The Reality of Entrepreneurship

 
Hello, my name is AJ and I’m an entrepreneur. Sounds like the beginning of a twelve step program meeting. I introduce myself this way because a lot of people make entrepreneurship sound wonderful, even magical. You can be your own boss, set your own hours, you create jobs and contribute to society. All good things for sure.

aloneBut there is a dark side. First among the dirty little secrets of entrepreneurship is that it’s hard.

More difficult than you can imagine

Starting something from nothing is hard. Even when you can get help, as so many do through franchises, it’s still hard. Even though people talk about the depressing statistics of business failure, which vary widely, the picture they paint is still rosey. Entrepreneurs are considered brave and they are revered for their actions. That’s fine but let’s not encourage people to be foolish. There’s no reason to throw caution to the wind and go for it without a plan.

Starting a business takes up more time than most people can physically give, it’s tiring. I’ve heard it said that the only person who cares about your business is you and it’s true. No matter how good the team you build is, the business is not their priority. They will call out when you need them most, they will say the wrong thing at the worst possible time to the most important customer, and you will have to fix it all. They will leave for a few cents or a few bucks more per hour. Owning a business can be frustrating and yet you have to be there with enough enthusiasm to spread around.

All that difficulty can lead some to become disallusioned but the successful ones will have just a bit more positive energy than negative.

More expensive than you planned

It also takes more money than most people realize. I was told once that no matter what I planned, double the amount of time and money I thought I needed, even if my estimates were high. I can tell you from experience that advice was 100% correct.

Under capitalization is the single worst mistake someone going into a business can make. We’ve all heard about the outliers who started with a hundred dollars and made millions, but if that were the norm we’d all be millionaires. You have to know that, if you need to, you could carry the business expenses for months or maybe even years.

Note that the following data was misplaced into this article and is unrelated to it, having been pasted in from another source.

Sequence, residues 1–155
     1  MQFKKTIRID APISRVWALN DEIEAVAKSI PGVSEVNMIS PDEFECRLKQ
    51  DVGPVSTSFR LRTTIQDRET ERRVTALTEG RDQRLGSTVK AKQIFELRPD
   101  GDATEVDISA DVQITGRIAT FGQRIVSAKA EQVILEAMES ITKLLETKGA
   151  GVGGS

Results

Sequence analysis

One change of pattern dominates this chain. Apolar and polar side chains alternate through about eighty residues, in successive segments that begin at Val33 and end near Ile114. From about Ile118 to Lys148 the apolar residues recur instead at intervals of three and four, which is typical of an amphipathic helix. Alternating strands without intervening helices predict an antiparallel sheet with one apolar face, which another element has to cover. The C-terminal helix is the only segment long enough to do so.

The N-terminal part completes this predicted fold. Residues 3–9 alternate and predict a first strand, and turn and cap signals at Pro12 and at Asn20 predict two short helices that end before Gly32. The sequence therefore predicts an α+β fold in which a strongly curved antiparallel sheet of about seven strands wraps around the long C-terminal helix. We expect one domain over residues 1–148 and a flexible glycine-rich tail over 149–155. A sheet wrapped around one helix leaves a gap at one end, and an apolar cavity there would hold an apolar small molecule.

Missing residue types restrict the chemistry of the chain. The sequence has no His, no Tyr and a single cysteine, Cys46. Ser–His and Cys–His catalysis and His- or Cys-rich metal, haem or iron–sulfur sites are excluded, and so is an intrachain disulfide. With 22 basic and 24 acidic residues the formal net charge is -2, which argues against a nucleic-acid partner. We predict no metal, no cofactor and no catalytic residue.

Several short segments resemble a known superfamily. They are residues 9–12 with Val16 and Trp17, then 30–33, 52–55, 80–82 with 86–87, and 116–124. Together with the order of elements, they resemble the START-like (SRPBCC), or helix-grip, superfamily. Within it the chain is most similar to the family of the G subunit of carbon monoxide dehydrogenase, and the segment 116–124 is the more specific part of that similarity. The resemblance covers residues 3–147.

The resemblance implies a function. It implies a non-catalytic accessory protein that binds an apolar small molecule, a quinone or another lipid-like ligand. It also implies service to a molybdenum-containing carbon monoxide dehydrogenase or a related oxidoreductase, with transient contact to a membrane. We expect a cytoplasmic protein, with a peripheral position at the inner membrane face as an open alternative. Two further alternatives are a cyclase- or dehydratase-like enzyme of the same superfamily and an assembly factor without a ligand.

Other people’s expectations

When you see friends or family and they ask how’s business, they don’t understand that you might have had a bad day. They don’t understand that bills are coming due and revenue might not be keeping up. If you’re honest and tell them it’s hard, they’ll usually respond with “but it’s all yours right?” as if that makes it better.

You can’t go to friends and family for solace because they don’t understand, and you don’t want to go to other business owners for fear of looking weak.

It takes longer too

I’m over a year into my business and things have stabilized. Everyone wants to make a profit right away but it takes longer than you think. What matters more is cash flow, positive cash flow. Positive cash flow and profitability are two different things. Startup costs aren’t paid for quickly, they’re large and revenue grows slowly.

I saw a friend shortly after her second child was born and asked how it was going. Her response? “Oh my God no one told me it was going to be this hard.” That’s how I feel about entrepreneurship so I’m here to tell you it’s that hard.

My advice? Think long and hard about going into business. Imagine every bad scenerio you can and then imagine what you’ll do to get out of it. Plan for the worst and work hard, harder than you ever have for the best.

Just as I was finishing this post someone on LinkedIn posted this article. It’s worth reading and backs up everything I say here – and then some.


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